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Fishing industry gears up for a fight over China tariffs

FILE - In this July 6, 2018, file photo, a container ship is docked at a port in Qingdao, in eastern China's Shandong Province. The Trump administration is proposing raising planned taxes on $200 billion in Chinese imports to 25 percent from 10 percent, turning up the pressure on Beijing in a trade war between the world's two biggest economies. (Chinatopix via AP, File)
AP/File
A container ship is docked at a port in Qingdao, in eastern China's Shandong Province.

A national fishing industry group is using local workers to put human faces on the plight that the commercial fishing sector faces amid the trade fight with China.

The National Fisheries Institute just released a series of videos featuring New Englanders — a processing plant manager in Boston, a Quincy seafood shop owner, a supplier to Maine lobstermen — extolling the virtues of free trade. Institute spokesman Gavin Gibbons says the group started featuring people in the Northeast because of the balance of import and export work that happens here. You can’t treat fish like steel, he says. Commercial fishermen, for the most part, face strict federal quotas. There’s simply no way to ramp up domestic production if it becomes tough to import seafood.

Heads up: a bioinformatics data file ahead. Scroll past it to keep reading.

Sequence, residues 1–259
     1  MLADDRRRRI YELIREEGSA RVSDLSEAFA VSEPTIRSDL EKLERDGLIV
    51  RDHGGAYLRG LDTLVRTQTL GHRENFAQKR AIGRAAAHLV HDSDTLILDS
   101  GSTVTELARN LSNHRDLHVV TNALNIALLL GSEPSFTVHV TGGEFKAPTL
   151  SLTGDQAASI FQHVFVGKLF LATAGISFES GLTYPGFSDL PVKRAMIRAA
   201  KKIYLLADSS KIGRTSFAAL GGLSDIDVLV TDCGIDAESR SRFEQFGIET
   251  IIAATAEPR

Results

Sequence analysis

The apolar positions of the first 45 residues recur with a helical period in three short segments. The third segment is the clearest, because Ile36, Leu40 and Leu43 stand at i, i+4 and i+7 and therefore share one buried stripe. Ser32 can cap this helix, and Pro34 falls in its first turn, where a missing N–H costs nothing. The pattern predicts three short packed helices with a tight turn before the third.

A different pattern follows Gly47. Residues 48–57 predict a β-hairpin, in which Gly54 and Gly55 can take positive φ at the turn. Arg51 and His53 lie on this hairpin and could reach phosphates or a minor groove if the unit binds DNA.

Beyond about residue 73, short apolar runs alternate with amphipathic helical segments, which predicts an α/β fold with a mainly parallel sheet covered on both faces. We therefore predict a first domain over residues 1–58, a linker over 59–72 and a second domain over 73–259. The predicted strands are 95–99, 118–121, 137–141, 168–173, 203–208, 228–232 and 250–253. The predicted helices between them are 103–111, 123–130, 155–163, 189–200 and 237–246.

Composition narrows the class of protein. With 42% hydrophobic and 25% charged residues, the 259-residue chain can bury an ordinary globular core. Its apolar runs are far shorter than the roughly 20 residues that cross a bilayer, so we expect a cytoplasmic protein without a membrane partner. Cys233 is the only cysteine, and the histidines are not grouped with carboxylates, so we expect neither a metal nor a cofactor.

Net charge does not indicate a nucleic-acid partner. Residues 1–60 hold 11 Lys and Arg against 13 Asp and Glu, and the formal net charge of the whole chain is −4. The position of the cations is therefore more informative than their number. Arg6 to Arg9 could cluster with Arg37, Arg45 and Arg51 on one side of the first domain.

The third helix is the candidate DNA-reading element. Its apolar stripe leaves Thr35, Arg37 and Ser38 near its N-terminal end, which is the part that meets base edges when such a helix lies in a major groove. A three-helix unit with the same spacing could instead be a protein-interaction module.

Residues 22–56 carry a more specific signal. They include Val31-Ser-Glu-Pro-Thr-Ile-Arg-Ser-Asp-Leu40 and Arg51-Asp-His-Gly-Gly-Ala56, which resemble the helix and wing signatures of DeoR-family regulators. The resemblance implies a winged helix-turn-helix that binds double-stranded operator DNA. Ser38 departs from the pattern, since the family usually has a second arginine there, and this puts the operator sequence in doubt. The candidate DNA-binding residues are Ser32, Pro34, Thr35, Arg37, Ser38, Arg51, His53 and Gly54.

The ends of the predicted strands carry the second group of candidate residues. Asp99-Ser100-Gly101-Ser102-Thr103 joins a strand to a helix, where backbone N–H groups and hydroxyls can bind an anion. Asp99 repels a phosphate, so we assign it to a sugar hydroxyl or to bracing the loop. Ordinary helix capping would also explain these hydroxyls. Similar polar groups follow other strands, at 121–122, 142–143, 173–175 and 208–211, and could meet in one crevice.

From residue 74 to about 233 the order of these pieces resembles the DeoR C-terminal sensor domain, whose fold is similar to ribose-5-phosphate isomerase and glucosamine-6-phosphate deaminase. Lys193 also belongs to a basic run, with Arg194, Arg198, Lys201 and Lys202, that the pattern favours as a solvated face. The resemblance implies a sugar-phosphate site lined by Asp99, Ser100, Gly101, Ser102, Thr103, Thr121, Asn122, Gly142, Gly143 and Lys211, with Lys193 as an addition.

Gibbons’ group fears imports will become much more challenging if the Trump administration follows through on plans to impose tariffs of up to 25 percent on seafood imports from China. An NFI lobbyist will testify before the International Trade Commission on Aug. 20 to argue against them. (NFI represents all corners of the industry: fishermen, retailers, wholesalers.)

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The US has plunged headlong into a tit-for-tat fight. China has already imposed a 25 percent tariff on US seafood exports, much to the chagrin of the lobstermen who had found a burgeoning new foreign market in that country.

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The blowback has been noticed on Capitol Hill. After the Trump administration endorsed a $12 billion aid package to farmers affected by this trade tiff, Representative Seth Moulton joined a few colleagues to press the administration for similar relief for commercial fishermen. (Moulton, a North Shore native, represents the fishing port of Gloucester.)

The seafood industry isn’t for the faint of heart. The regulatory and market challenges are constant — and that’s just for those who don’t need to brave the risks of the open ocean. This trade spat with China adds one more unwanted complication to the mix.

Jon Chesto is a Globe reporter. Reach him at jon.chesto@globe.com and follow him on Twitter @jonchesto.